Even when someone does challenge them, arbitration rulings are usually private, with no appeals and little documentation. Like a tree falling in a vast forest, Wells Fargo’s customers didn’t hear the millions of other victims, and the press remained none the wiser.
The day of reckoning
Three years ago, Swanson went after Globe University and the Minnesota School of Business (MSB), which used arbitration clauses to avoid the reckoning when students discovered their $70,000 criminal justice degrees were unaccredited and useless.
In January, both schools were ordered to make restitution to 1,200 students. By July, the Minnesota Supreme Court ruled that the schools issued loans without proper licenses at illegally high interest rates. Swanson intends to seek forgiveness and/or refunds for all loans made after January 1, 2009.
“The schools had an arbitration clause, and it says all [legal] proceedings have to be instituted within 12 months of the date [they] lie to you, basically,” Swanson says. “Many of these students didn’t even know they had a claim until after 12 months go by, because it was later in their education they realized the program isn’t even accredited.”
In 2009, Swanson also brought a case against National Arbitration Forum, then the world’s biggest arbitration company, adjudicating over 200,000 cases annually. The St. Louis Park company portrayed itself as fair and independent. But it was actually owned by a private equity company that ran a bunch of collection companies, which sent National 60 percent of its claims.
This left National hardly impartial, with a devastating conflict of interest. Swanson sued for fraud. National closed.
“We heard from arbitrators that were blackballed and essentially told, ‘You’re not going to be an arbitrator anymore because you’re ruling for the consumer,’” she says. “That’s one of the problems with arbitration. The court system is paid by the taxpayers. Judges are neutral and their funding comes from the public.”
“I followed the money”
This summer, President Trump reversed a ban on arbitration clauses for nursing home residents. In an industry notorious for impropriety, it was a green light for abuse.
“I once talked to a CEO who had been in board meetings where they said, ‘We can’t do this because an attorney general might come after us,’ or ‘We can’t do this because somebody might file a lawsuit against us,’” says Swanson. “He said he’s never been in a boardroom where they said, ‘We can’t do this because someone might file an arbitration claim.’”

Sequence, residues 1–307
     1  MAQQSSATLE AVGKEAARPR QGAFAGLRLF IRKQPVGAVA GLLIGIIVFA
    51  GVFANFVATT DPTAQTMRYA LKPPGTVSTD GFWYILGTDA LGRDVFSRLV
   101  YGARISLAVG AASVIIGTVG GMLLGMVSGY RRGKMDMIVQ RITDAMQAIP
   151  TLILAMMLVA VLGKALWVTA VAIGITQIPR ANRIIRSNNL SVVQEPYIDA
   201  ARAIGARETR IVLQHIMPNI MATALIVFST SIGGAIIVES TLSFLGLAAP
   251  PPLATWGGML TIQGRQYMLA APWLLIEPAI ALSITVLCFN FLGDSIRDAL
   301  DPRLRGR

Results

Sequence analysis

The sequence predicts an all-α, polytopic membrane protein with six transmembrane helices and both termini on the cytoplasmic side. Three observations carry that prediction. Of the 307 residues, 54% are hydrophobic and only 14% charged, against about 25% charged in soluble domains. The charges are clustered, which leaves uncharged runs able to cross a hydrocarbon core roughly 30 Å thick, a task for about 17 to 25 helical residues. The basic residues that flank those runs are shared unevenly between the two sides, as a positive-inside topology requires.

Trump’s change is bad news for Plymouth lawyer Mark Kosieradzki, who’s handled several cases of nursing home neglect. One involved two eighty-something victims who were raped by employees. Another involved an employee thrice suspended for suspicion of sexual abuse.
Then there was the man suffering from dementia who became dehydrated because he’d forgotten how to drink. He went into a coma within two weeks of check-in, ultimately dying.
Kosieradzki handled the wrongful death case through arbitration. Three arbitrators collected $60,750. After expert witness and attorney’s fees, the man’s daughter received less than $20,000.
Kosieradzki fell upon the specialty somewhat by accident when a client arrived with a nursing home claim.
“Nobody was handling them,” he explains. “‘They’re old people.’ ‘They’re going to die anyway’ and ‘They’re going to live maybe three years.’ I’m thinking, ‘I don’t like the way that sounds. Someone’s old, so no harm, no foul? I don’t like that.’”
As he dug in, he concluded the main issues weren’t so much malicious behavior—though that existed. Rather, he found that homes were understaffed and underfunded, skating by on the lack of accountability afforded by arbitration.
“So I started doing what reporters have been doing since Watergate. I followed the money. What I realized is money gets siphoned out of these nursing homes legally into all of these other places—subcorporations and LLCs. Shell companies.
“These big real estate investment trusts and these major corporations are buying up nursing homes and they’re cutting costs like crazy. So they’re asking people to work harder for less money, longer hours, and fewer benefits. The main reason companies want to do these arbitrations is because they can control the risk. Even though it costs them more to get there, the costs also limit plaintiffs bringing claims.”
Don’t get any ideas
It often feels like the main purpose of the Financial Choice Act is to slap down increasingly frustrated consumers and put us back in our place—angry but defeated. There’s no other explanation for a clause prohibiting the CFPB from informing consumers of their rights.
The act also halts the agency from looking into predatory lending like payday loans, prepaid credit cards, and auto-title loans, or making rules governing such lenders. (That sound you hear is a thousand Nigerian princes clapping at once.)